Jackie DeShannon/"Backstreet Girl" (Officially unreleased demo, 1965)
The multi-talented Ms. DeShannon, along with her co-writer at the time Sharon Sheeley (Eddie Cochran's fiancée at the time of his death), wrote this for Carpax signee Diana Dawn, although, arguably, it is Jackie's original demo which remains the ultimate version...

Renarata & the Delrons/"Look in My Diary" (Recorded circa 1967/Released 1997) 
Probably best known in their native U.S. for the minor hit "Whenever a Teenager Cries" (1964), while in the U.K. they made the Top 20 in 1968 with "Captain of Your Ship".  All the while "Panic" (1968), as well as a seemingly tailor-made cover of the Four Seasons "Bye Bye Baby" (1965) should've hit big and hard, it is their inexplicably late release of "Look in My Diary" which is the winner in my book.

The Blossoms/"Stoney End" (1967)
Why The Blossoms never made it on their own is a mystery of gigantic proportions.  "That's When the Tears Start" (1965) should've made big waves, but instead it just made ripples.  The Blossoms had Darlene Love, and they had Gloria Jones.  At the same time!  But instead of hitting the big time on their own they "merely" sang back-up for the very best of them, from Elvis to Aretha, via Dionne, and Tom Jones.  And why their version of Laura Nyro's "Stoney End" is less well known than, say, Barbra Streisand's vast inferior interpretation, is the biggest mystery of them all. 

Madeline Bell/"Picture Me Gone" (1965)
U.S. born Madeline Bell arrived in the U.K. in the mid '60s and immediately became a sought-after backing vocalist for, most notably, Dusty Springfield.  It is, however, an enigma why her own solo recordings never found flavour with the record buying public since they invariably were of the highest quality.  One case in point is this Chip Taylor-penned and Dusty Springfield backed-up epic from her long playing solo debut, "Bell's a Poppin'".  Several years later though, Ms. Bell found long awaited and deserved fame with the "melting pot" of a group that was Blue Mink.

Recommended listening:
Reparata & the Delrons/"The Best of" (ACE CDCHD 1066) 2005 Ace Records.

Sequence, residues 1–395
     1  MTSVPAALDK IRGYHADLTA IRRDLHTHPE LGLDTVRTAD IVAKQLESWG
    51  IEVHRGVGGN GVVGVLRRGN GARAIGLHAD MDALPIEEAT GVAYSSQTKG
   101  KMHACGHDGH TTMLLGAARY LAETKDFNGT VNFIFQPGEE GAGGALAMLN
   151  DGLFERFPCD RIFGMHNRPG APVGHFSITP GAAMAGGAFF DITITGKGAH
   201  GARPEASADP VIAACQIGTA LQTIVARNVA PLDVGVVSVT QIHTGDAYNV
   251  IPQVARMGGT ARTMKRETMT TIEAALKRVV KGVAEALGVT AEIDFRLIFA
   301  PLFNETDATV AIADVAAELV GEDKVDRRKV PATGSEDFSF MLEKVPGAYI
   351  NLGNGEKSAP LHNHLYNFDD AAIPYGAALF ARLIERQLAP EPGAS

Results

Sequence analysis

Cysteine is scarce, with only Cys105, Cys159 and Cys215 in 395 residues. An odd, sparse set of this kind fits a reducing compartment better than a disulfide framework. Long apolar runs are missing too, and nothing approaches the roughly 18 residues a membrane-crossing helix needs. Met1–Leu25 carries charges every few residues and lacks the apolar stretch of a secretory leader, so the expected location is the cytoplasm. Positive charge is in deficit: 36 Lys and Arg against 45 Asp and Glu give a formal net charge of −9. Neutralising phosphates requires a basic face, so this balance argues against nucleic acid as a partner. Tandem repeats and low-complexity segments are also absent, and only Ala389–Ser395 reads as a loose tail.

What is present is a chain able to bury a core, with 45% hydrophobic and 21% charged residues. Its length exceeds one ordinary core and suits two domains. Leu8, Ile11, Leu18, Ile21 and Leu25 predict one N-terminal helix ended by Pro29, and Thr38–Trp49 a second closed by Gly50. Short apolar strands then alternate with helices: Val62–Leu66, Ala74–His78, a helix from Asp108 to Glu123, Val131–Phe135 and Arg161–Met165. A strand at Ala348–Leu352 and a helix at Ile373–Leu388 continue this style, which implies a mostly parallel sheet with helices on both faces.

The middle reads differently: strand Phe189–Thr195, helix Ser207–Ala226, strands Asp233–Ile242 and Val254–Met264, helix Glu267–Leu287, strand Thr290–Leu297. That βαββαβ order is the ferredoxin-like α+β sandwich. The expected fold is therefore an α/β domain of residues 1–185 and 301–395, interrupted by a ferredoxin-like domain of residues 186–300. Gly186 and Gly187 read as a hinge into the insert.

Darlene Love and others/"So Much Love; The Darlene Love Anthology 1958 - 1998" (ACE CDCHD 1169)  2008 Ace Records.
Madeline Bell/"Bell's a Poppin'" (W/bonus tracks) (RPM 281)  2004 RPM Records.
The Flirtations/"Sounds Like The Flirtations" (W/bonus tracks) (RPM Retro 839)  2008 RPM Records.
Various Artists/"Break-A-Way; The Songs of Jackie DeShannon 1961 - 1967" (ACE CDCHD 1208)  2008 Ace Records.
Various Artists/"On Vine Street; The Early Songs of Randy Newman" ACE CDCHD 1186) 2008 Ace Records.

Sunday, August 17, 2014

The Less Obvious List: British Bubblegum

Needless to say, when it comes to British Bubblegum Tony Burrows is the undisputed king of the genre.  But for every "Yellow River", "Love Grows (Where My Rosemary Goes)", or even "Gimme Dat Ding", there inevitably is another gem or two of the undervalued and undiscovered kind.  Thus, although Burrows features heavily he isn't all-inclusive, let the countdown begin....

White Plains/"Carolina's Coming Home" (1971)
Previously - inferiorly - recorded by Vanity Fare ("Early in the Morning", "Hitchin' a Ride"), this Tony Hiller (Mr. Brotherhood of Man), Roger Cook & Roger Greenaway-penned pop confection is irresistible at every turn.  The White Plains' best known and loved moment, "My Baby Loves Lovin'" (1970) is certainly nothing to sneeze at, but "Carolina", in my book, is their crowning achievement.  Covered by U.S. teen idol Shaun Cassidy in the late '70s.
Butterscotch/"Don't You Know (She Said Hello)" (1970)

Another implausibly infectious pop-perfection.  I, however, know absolutely nothing about this act.  A one hit wonder, it appears, reaching #17 in the U.K. charts in the summer of 1970.  Should have been bigger, though.

Kincade/"Dreams Are Ten a Penny" (1973)